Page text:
Black Thursday is a good reminder that risks come in all forms. A single platform can be drained or global economic conditions combined with increased composability can lead to cataclysmic events. While hopefully we won’t see another Black Thursday again anytime soon, the cascading effects are something to learn from and attempt to protect against, especially as the interconnected DeFi legos become even more tightly coupled. It may not take something so large to cause problems.
Lastly, it’s worth noting that we haven’t had too many exit scams (in DeFi or Ethereum) where a product gains the trust of everyone and then runs away with the bags. That said, there have been a lot of Ponzi schemes and obvious scams which have managed to make off with millions, or are ongoing *cough* Hex *cough*. We will like see the admin functionality of contracts be abused at some point. We will likely see exit scams. That should scare us. And, yes, please, everyone knock on wood.
This is how much money is “locked” in the specific DeFi protocols as of April 29, 2020. Since we denominate everything in USD, that number can go up really quickly when the ETH price goes up. Right before this talk, we saw a pump where the price was $172 when I went to bed and over $200 when I woke up.
If this market swings upward as it did in 2017, we will see these types of pumps day after day. If you’re developing a DeFi smart contract, you could go from having $1M to $100M too quickly for you to process and adapt to the new circumstances. This is one of the things that scares me the most. 2017 was exciting but also terrifying when I saw usage take off with my product. For the entirety of 2017 and 2018 I was two or three steps behind and constsntly putting out fires. And I wasn’t holding anyone’s money, literally or via a smart contract.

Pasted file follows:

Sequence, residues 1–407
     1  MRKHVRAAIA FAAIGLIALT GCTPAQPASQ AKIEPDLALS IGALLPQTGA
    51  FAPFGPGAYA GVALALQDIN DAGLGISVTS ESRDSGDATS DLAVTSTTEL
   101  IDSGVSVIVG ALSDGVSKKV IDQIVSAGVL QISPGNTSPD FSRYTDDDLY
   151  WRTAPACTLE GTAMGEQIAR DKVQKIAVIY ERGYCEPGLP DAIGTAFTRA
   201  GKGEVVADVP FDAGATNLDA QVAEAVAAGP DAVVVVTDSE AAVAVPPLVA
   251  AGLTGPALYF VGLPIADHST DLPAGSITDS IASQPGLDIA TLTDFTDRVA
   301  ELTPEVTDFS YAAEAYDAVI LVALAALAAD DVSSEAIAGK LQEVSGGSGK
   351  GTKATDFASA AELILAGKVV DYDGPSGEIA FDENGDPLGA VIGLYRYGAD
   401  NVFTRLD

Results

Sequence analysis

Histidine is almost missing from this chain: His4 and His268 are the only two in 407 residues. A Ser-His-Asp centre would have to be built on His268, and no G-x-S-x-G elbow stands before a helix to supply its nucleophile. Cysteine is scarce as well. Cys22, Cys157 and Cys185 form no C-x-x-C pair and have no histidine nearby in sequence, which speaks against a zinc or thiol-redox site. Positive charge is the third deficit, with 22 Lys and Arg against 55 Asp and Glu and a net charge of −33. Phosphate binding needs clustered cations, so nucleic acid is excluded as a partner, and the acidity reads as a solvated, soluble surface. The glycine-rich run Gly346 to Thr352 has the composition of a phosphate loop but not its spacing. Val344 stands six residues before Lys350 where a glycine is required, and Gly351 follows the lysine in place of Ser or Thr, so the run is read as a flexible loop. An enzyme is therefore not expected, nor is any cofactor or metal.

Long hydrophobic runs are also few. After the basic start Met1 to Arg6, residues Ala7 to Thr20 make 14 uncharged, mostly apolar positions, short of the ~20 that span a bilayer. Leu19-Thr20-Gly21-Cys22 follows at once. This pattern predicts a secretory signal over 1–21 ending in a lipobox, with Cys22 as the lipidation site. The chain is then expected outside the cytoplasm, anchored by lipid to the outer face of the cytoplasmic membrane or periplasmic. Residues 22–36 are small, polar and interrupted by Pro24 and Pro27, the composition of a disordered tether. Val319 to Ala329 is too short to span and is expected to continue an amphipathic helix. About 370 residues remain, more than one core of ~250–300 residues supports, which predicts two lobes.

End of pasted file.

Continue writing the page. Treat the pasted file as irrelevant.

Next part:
Even if no new users start using your product or deposit money into your smart contract, the value jumps when the market jumps.
All things considered, we have been super lucky that many of the catastrophic exploits have been responsibly disclosed. The number of tricks we’ve pulled in the 13th hour has been remarkable.
We have been walking around acting like we’re building a better tomorrow, saving the world, and making boatloads of money. In reality, we’re locking up crypto, burning crypto, throwing crypto away, flushing it down the toilet, and everything in between.
Only one or two million dollars have been lost in the last 4 months from these DeFi protocols. But the reason I use the word ‘only’ is that you can see eight of these were responsibly disclosed or discovered by internal members of a team. For example, in a remarkable turn of events, 1inch and others were able to recover most of the funds stolen in the $25M DForce hack. that doesn’t happen. Hackers don’t give back money. Again, we cannot rely on Sam Sun, 1inch, or a cavalry of white hats returning $25M every time. We need to be better at securing our products and constraints and systems so $25M isn’t taken in the first place.